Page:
How Much Does an Estate Have to Be Worth to Go to Probate in California?

The death of a family member is a difficult challenge, from the intense emotions to the legal complexities. Dealing with legal processes after the death of a loved one, particularly probate, can be long, stressful, and emotionally draining. However, with a trusted Carlsbad estate planning attorney, you can create a plan that allows your estate to avoid probate or helps your loved ones navigate the process with ease.

How Much Does an Estate Have to Be Worth to Go to Probate in California?

In the state of California, an estate is required to go through probate if the decedent’s estate is worth less than $166,250. Determining the value of an estate involves taking an inventory of all property the decedent owned, both real and personal, evaluating the total costs, and adding up any life insurance or retirement benefits that are to be paid to the beneficiaries.

What Does Probate Mean?

Probate is a process that divides someone’s assets after their death and involves verifying and carrying out the wishes they described in their will. This usually means making sure that all listed beneficiaries have their assets properly given to them, evaluating the value of any property owned by the decedent and the transference of those properties, and determining who will be responsible for resolving any final financial matters.

While it’s not always a mandatory process, probate is often required as a result of high property value or a lack of a will or trust. Probate is also a lengthy process, as wills need to be verified by the courts. If a will is invalid or not written clearly, the courts will have to distribute assets themselves. This often leads to disputes between beneficiaries.

Typically, this is why it is useful to meet with an experienced estate planning lawyer who can ensure that your will is clear and comprehensive. This way, it can be carried out as quickly as possible.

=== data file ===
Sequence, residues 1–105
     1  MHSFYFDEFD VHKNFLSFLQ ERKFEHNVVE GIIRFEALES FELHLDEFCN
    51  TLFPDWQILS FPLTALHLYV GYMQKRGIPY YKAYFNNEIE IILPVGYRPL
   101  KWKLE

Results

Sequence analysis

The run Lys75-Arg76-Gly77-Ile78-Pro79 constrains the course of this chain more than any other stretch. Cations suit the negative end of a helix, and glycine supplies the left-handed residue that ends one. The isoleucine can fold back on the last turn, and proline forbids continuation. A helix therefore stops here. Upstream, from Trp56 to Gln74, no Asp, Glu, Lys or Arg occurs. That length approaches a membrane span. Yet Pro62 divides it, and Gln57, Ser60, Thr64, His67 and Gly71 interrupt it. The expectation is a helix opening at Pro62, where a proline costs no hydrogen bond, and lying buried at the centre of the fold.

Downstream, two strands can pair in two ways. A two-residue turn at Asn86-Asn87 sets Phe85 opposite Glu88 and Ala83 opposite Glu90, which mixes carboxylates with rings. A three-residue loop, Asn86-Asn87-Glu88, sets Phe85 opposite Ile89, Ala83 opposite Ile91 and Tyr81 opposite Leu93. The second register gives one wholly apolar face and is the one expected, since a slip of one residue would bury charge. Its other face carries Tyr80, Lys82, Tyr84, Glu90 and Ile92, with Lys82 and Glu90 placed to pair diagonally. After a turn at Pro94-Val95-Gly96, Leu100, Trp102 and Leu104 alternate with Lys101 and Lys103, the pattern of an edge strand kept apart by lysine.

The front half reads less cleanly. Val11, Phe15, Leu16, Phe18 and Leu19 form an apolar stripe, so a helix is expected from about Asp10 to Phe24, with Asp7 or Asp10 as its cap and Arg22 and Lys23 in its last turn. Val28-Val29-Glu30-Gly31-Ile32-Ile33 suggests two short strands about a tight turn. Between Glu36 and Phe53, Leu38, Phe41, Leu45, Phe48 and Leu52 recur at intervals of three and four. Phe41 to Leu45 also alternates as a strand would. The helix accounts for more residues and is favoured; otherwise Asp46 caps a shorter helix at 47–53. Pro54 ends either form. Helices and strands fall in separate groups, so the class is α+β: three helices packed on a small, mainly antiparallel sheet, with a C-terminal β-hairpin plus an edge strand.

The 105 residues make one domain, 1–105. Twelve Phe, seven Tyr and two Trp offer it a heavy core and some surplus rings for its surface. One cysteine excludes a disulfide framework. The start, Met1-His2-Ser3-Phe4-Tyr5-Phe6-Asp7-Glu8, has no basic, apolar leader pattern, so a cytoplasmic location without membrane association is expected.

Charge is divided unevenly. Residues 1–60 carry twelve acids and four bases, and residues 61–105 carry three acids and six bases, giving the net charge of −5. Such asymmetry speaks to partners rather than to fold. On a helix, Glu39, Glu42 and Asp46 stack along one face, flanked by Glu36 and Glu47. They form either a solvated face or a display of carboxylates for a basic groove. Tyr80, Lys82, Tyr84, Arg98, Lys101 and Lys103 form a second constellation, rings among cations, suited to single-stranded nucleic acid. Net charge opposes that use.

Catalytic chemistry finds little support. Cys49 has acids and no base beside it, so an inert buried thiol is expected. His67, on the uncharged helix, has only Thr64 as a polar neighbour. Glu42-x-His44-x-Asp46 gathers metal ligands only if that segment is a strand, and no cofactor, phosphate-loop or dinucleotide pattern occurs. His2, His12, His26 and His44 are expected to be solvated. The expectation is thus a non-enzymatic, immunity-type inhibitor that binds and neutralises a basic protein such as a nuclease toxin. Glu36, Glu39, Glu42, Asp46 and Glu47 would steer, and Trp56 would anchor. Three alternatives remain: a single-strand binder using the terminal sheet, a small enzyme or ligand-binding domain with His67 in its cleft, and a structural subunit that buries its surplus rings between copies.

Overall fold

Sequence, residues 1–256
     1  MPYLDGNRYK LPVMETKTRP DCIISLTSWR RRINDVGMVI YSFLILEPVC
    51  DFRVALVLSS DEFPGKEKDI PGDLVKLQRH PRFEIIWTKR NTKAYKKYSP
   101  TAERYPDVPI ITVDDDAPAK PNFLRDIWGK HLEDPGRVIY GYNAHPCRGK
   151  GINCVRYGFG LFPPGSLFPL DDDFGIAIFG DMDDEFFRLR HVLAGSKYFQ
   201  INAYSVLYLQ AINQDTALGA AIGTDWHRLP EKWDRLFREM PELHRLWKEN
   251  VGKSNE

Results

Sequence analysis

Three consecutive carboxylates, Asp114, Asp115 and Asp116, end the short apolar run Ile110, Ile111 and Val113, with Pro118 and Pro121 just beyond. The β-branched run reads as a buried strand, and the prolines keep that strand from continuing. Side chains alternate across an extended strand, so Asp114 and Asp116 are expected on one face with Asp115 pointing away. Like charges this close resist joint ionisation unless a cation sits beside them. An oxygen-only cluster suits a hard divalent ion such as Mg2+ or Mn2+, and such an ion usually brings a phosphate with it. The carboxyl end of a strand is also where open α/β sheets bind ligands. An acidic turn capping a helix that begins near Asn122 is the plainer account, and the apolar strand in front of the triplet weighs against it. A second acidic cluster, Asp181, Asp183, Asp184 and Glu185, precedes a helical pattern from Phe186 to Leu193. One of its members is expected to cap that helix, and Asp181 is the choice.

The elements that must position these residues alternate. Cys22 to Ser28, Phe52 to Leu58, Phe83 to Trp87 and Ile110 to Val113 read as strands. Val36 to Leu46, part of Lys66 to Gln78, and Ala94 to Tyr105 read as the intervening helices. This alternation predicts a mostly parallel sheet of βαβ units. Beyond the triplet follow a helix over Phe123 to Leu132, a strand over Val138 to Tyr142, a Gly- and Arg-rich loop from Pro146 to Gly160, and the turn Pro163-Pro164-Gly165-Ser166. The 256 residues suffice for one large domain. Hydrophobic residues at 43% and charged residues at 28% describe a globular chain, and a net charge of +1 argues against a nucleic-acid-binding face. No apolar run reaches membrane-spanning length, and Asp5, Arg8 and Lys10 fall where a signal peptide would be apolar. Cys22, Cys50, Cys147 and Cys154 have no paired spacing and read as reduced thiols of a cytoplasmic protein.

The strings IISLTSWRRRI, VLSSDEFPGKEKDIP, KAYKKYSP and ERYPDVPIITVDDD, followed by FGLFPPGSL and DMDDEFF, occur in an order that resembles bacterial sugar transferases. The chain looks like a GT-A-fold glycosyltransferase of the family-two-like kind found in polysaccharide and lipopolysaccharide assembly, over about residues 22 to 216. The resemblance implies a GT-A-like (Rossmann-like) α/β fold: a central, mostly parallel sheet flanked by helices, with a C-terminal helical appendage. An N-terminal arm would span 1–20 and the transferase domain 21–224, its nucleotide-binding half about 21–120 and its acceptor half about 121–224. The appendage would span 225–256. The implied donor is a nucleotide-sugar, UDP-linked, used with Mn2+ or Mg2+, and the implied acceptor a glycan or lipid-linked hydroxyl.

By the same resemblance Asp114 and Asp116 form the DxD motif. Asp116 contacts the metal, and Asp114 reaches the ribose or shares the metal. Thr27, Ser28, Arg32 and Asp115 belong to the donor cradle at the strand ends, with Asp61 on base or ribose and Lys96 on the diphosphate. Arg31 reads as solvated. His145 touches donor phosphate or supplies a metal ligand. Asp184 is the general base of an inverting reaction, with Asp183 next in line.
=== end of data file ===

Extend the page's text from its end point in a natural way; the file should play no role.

What Does the Probate Process Look Like?

In the event that the decedent was prepared and a will was created, the probate process is only a few simple steps that are as follows:

Obtaining the Will and Death Certificate

In order to file for probate, you will first need both the death certificate of the decedent as well as a copy of the will, if there is one. The death certificate can be obtained from the Department of Health or from the county clerk/recorder in which the certificate was issued. It’s important to receive multiple copies of the death certificate, as many institutions, such as banks, will need their own individual copy.

The will can typically be found with the lawyer with whom it was written, but copies can also usually be found in other safe places such as a safe, a lock box, etc. It’s important to inform trusted individuals where to find your will so that it can be executed properly.

Petition for Probate

Along with the death certificate and the will, the petition for probate must be filed with the probate court in the same county where the descendent was living. It is typically here that the executor of the will is named and that authority is granted.